The prime market in London is incredibly specialised and is well reported and measured by Savills and Knight Frank.
Here is a summary of their reports.
Prime central London has been reliant on demand from domestic buyers and resident non-doms throughout much of last year , given the practical implications of Covid-19, in particular constraints on travel. In this context, the market has held up well. Values fell by a marginal -0.4% over the year, having stabilised in the final quarter, but remain almost 21% below their 2014 peak.
Across all of prime London, the value of homes with medium or large gardens increased by more than 4.0% in 2020, highlighting the shift in demand prompted by the pandemic. Similarly, all regions of prime London have seen houses outperform flats during the past year. Those with five or more bedrooms have been the top performers.
These trends favoured traditional family house markets such as Chiswick, Fulham, Putney and Richmond. Meanwhile, in prime central London, the strongest markets were those of Notting Hill, Holland Park and Bayswater. These areas combine local amenities, access to green space, walkability and good family housing stock.
The annual price change in prime central London (PCL) and prime outer London (POL) reached its widest point in 2020 during December, with average prices in PCL down 4.3% during 2020, while the annual decline in POL was 3.2%.
Overall, the relatively muted price performance since the market re-opened in May 2020 underscores how the release of pent-up demand has been balanced by fragile economic sentiment.
However, momentum is building in higher-value markets across London, which has been particularly notable between £5 million and £10 million. The increase reflects growing demand for houses, which tend to be more numerous in this price bracket and more in-demand among domestic buyers.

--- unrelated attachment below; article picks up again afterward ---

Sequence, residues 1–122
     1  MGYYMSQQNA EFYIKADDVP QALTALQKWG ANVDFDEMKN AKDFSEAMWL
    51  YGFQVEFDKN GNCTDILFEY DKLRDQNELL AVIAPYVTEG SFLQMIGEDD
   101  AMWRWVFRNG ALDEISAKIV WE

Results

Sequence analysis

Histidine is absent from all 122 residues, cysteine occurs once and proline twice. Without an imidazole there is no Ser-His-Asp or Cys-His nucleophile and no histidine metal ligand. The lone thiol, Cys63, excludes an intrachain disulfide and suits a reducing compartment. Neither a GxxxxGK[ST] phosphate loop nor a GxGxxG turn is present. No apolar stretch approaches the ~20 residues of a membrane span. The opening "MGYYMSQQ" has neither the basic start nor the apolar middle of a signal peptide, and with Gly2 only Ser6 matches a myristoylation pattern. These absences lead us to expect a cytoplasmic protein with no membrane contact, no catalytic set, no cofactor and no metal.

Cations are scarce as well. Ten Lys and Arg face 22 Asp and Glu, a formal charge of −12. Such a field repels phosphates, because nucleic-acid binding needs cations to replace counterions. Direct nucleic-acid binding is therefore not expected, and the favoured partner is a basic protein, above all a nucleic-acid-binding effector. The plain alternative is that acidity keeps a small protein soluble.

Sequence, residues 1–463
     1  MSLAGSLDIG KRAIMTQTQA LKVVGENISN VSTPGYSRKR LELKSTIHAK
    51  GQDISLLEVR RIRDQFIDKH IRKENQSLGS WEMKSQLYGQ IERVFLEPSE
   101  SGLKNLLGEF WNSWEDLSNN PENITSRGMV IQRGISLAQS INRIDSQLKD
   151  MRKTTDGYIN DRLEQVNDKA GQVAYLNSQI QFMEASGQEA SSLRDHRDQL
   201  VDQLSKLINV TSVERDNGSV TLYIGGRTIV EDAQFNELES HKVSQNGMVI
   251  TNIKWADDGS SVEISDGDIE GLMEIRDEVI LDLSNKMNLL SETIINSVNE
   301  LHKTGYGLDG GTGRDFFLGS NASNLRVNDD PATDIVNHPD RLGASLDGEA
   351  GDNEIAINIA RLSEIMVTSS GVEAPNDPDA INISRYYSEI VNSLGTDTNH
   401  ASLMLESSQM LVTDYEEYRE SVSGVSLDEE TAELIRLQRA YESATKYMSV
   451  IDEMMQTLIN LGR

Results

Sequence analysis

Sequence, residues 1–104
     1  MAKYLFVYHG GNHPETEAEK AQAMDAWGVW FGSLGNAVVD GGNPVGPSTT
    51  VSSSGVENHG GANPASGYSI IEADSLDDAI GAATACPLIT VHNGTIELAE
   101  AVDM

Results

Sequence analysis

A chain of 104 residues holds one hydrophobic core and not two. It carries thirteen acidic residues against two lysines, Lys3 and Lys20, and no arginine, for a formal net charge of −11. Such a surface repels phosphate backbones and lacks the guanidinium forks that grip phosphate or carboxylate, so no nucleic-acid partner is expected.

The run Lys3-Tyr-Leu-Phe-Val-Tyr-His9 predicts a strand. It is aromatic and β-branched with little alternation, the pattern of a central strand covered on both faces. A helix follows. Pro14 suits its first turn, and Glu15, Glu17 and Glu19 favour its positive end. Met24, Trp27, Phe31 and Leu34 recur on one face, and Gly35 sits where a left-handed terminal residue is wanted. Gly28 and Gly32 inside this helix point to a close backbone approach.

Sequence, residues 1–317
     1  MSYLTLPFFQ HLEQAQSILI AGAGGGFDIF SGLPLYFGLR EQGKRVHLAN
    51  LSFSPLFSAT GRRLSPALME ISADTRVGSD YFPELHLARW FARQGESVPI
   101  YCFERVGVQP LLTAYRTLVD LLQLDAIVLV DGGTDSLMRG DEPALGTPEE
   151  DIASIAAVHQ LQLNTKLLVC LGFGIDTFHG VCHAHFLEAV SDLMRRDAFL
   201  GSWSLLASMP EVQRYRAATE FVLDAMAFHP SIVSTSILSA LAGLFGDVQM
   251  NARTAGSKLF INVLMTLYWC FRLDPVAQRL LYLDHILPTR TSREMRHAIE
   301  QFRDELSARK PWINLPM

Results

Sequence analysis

According to Savills, the Covid-19 pandemic altered the course of the UK’s prime residential markets during 2020 and London was no exception. There has been more demand across all locations for larger properties with private gardens and space to work from home. Coupled with the relative value on offer, this has meant the leafier outer prime London markets have performed more strongly than the capital’s higher value central markets which have been held back by international travel restrictions.
Lifestyle trends drive performance
Although the number of agreed sales of properties worth £1 million or more increased by 15% in 2020 across London as a whole, there was significant variation in performance by borough as a result of the trend to upsize and the search for properties with a garden.
Wandsworth had the highest number of deals at this level, with almost 1,500 throughout the year, an increase of 25% on 2019. Similarly, Richmond upon Thames saw £1 million+ deals rise by over 20% to more than 900 in 2020. The boroughs of Kensington and Chelsea, Westminster and Camden continued to see a high number of agreed sales above this price point, but levels either rose marginally or fell last year when compared with the amount seen in 2019.
Outer London boroughs such as Bromley, Barnet and Haringey saw the highest percentage rise in £1 million+ deals, but their numbers still remain relatively small.
In the first three weeks of January, prospective buyers registering in London remained 17% ahead of the five-year average, demonstrating appetite to buy remains.
Yet there has been a subtle shift in sentiment, with the prospect of more sellers holding off due to Covid related uncertainty during the first weeks of 2021. This pent up supply saw appraisals for sale in London trailing the five-year average by more than a third in January.
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